I went to collect my car which had been parked in a side street in Ilfracombe. Although it was not parked under a tree, the industrial sized and active seagulls had made their mark. I think they make a game out of it because around my car there were no droppings. They must know what they’re doing at some level but never mind. We set off for home via the one and only Watersmeet.
I must say the North Devon countryside is delightful. It is possible to go straight down to Barnstaple and then follow the M5 but motorways are featureless at the best of times so why deny yourself the privilege of admiring the wonderful National Trust scenery. The roads are narrow so if you think that overtaking is easy then think again. Some of the drivers in this part of the world are very senior shall we say so you might as well just put up with it and dawdle along at 40 miles an hour.
On the way we went through the famous Porlock Hill. It is indeed a hill. It justifies itself as the steepest slope on a major road in the UK with gradients of 25% – in two sections. It is not long, it is not spectacular, but it is testing of your car. I would not like to think of it in ice and snow. My slogan would be, “if in doubt, take the toll road”.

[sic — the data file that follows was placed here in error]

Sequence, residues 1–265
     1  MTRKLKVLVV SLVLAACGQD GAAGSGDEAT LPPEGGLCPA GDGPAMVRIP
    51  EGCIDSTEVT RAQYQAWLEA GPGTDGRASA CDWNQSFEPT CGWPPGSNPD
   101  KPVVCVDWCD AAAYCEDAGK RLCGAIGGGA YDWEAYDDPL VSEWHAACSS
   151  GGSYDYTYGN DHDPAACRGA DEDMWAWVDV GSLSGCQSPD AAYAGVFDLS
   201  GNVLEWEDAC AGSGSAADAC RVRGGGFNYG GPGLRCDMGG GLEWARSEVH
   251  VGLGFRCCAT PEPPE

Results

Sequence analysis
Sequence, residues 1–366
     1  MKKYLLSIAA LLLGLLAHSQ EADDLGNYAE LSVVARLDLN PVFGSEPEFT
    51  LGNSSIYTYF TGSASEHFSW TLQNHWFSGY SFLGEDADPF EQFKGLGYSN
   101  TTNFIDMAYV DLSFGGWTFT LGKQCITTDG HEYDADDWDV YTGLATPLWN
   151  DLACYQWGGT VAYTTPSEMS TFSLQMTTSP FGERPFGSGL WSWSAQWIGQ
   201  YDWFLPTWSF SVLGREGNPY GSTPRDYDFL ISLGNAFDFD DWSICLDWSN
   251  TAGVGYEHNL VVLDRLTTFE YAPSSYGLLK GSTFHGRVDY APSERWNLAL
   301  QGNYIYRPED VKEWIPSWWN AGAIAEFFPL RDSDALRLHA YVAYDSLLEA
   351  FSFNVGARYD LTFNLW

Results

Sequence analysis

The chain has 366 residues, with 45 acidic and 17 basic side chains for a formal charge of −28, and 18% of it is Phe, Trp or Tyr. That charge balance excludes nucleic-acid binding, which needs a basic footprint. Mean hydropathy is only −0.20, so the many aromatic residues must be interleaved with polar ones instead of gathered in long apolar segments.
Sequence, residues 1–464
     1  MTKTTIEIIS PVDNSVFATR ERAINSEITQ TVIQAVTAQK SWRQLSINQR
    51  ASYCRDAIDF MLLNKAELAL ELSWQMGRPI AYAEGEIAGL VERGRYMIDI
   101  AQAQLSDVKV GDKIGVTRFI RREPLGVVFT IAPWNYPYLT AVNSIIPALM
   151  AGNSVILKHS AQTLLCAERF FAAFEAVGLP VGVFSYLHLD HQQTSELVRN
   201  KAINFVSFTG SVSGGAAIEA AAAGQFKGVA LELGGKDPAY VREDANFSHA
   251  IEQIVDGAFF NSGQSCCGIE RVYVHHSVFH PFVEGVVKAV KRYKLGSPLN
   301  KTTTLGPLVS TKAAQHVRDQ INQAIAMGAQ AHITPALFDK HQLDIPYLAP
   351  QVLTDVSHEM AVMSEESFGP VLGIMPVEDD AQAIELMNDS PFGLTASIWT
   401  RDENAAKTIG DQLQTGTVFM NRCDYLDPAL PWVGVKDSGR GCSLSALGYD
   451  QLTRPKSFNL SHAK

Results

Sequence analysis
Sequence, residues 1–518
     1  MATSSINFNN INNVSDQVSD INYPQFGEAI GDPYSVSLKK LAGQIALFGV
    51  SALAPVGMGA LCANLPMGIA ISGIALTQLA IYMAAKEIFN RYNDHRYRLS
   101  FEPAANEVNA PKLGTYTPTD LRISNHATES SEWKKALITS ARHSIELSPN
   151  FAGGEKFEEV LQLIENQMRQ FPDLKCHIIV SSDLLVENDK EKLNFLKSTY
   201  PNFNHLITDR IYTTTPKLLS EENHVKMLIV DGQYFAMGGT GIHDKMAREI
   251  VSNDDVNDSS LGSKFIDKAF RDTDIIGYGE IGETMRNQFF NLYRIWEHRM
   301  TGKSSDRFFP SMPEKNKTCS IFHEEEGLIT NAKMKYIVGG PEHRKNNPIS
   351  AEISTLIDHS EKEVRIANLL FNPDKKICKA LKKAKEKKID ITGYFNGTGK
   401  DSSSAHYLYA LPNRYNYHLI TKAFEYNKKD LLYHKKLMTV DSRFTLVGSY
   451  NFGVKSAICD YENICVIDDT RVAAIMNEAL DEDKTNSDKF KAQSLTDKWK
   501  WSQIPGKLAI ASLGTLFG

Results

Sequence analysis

Francoise wanted to experience the world’s highest and steepest fully water powered railway which is the Lynton and Lynmouth cliff railway – opened in 1888. if you want to know how it works, click here.
We then decided to walk up from the town to the area known as Watersmeet where two rivers converge. I include a selection of photographs below which should make it quite obvious how charming this area is even before the trees are in full leaf. We must go again during the season. I should warn motorists that Lynmouth gets hopelessly overcrowded in the summer. Car parks are too small. A local person advised that visitors should go to Lynton town which is up a steep hill and park in the large car park, then take the railway referred to above.So off we went back to home. We had popped into Lidl to get a few basic provisions so that when we arrived home we would not have to go out again. In theory one can always pack more in but I think the time to stop is when you could do with a little bit more. I came back feeling that the therapeutic value of the sound of water both in streams and in the sea should not be underestimated. Job done, now back to work. Oh, I should mention that Devonians are of very friendly bunch of people.